COLLEYVILLE, Texas (NewsNation Now) — Authorities Monday continued an investigation into the weekend standoff at a Texas synagogue that ended with an armed British national dead and a rabbi crediting past security training for getting him and three members of his congregation out safely.
Authorities identified the hostage-taker as a 44-year-old British national, Malik Faisal Akram, who was killed Saturday night after the last hostages ran out of Congregation Beth Israel. The FBI said there was no early indication that anyone else was involved, but it had not provided a possible motive.
The investigation stretched to England, where police in Manchester Sunday announced that two teenagers were in custody in connection with the standoff. Greater Manchester Police tweeted that counter-terrorism officers had made the arrests but did not say whether the pair faced any charges.
Rabbi Charlie Cytron-Walker said security training at his suburban Fort Worth congregation over the years is what allowed him and the other three hostages to make it through the 10-hour ordeal, which he described as traumatic.
“In the last hour of our hostage crisis, the gunman became increasingly belligerent and threatening,” Cytron-Walker said in a statement. “Without the instruction we received, we would not have been prepared to act and flee when the situation presented itself.”
NewsNation spoke with Steve Hays, a close friend of the rabbi, who said that if this happens to one member of the Jewish faith, it happens to them all.
“I feel violated to know that any Jewish individual anywhere is affected by antisemitism, and hatred affects the whole community,” Hays said, choking up with emotion.
As of Monday, the Colleyville congregation was still identified as a crime scene.
Video of the standoff’s end from Dallas TV station WFAA showed people running out a door of the synagogue, and then a man holding a gun opening the same door just seconds later before he turned around and closed it. Moments later, several shots and then an explosion could be heard.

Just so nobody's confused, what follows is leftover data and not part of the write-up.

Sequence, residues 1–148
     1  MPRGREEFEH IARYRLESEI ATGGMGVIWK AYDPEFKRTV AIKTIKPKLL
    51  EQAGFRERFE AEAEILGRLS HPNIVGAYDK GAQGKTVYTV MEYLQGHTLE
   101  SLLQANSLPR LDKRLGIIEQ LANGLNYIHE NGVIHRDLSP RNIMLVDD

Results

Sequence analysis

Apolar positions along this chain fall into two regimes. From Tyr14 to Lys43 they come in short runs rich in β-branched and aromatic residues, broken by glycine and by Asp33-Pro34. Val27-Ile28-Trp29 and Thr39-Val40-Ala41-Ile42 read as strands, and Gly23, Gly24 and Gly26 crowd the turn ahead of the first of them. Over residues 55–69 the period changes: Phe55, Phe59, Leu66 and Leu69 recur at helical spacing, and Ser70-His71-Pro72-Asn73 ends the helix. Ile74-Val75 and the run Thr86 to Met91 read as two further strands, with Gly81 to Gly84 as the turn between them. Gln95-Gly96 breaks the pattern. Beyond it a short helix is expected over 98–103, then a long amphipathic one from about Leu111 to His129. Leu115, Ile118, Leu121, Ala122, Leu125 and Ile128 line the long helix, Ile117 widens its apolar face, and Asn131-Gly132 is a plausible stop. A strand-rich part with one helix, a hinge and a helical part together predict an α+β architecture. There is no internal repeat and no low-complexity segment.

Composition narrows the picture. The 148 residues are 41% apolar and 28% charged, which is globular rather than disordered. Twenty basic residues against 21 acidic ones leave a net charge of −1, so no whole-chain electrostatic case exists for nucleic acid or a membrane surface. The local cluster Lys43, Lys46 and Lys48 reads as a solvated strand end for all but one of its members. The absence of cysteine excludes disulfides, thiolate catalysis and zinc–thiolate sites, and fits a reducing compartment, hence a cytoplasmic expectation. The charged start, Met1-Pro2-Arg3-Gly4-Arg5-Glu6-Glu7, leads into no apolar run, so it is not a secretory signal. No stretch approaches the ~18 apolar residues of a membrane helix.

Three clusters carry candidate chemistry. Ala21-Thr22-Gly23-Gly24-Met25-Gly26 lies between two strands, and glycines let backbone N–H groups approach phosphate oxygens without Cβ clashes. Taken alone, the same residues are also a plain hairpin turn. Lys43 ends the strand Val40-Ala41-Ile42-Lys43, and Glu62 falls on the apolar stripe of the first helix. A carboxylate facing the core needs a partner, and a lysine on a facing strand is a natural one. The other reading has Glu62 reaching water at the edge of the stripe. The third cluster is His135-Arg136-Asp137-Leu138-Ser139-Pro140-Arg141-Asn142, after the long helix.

Authorities have declined to say who shot Akram, saying it was still under investigation.
Akram could be heard ranting on a Facebook livestream of the services and demanding the release of Aafia Siddiqui, a Pakistani neuroscientist suspected of having ties to al-Qaida who was convicted of trying to kill U.S. Army officers in Afghanistan.
Andrew Marc Paley, a Dallas rabbi who was called to the scene to help families and hostages upon their release, said Cytron-Walker acted as a calm and comforting presence. The first hostage was released shortly after 5 p.m. and Paley was able to speak with him shortly after his release.
“He was in good spirits and thankfully reunited with family shortly thereafter,” Paley told “Morning in America.” “It was a long day, of course, difficult, I know there’ll be a lot to continue to process. He was grateful for the calm demeanor that Rabbi Charlie displayed throughout the day. He was able to appreciate the fact that coming from a loving and caring community as it was in all the training and skills that they were able to acquire resulted in an ability to have come out of that a little bit.”
Cytron-Walker said his congregation had received training from local authorities and the Secure Community Network, which was founded in 2004 by a coalition of Jewish organizations and describes itself as “the official safety and security organization” of the Jewish community in North America. Michael Masters, the CEO of the organization, said the congregation had provided security training in August and had not been previously aware of Akram.
Rabbi Denise Eger, a friend of Cytron-Walker, said while the security measures are important it is hard for congregations since they want to be welcoming and open to all.
“There are some basic things to do, like notice who comes in who goes out. I know many congregations actually, who can afford it have guards to let you in,” Eger said. “In most many congregations now you have to buzz the door to get in and state your business. That’s kind of the opposite of what we want to be which is open and welcoming. We’re taught to welcome the stranger in our midst in Jewish tradition, to love our neighbor as ourselves. And yet you have to balance that against the safety and security of those who come to worship and those in your community. And it’s quite a dilemma for all of us.”
Colleyville, a community of about 26,000 people, is about 15 miles northeast of Fort Worth. Reached outside his home Sunday, Cytron-Walker declined to speak at length about the episode. “It’s a little overwhelming as you can imagine. It was not fun yesterday,” he told the AP.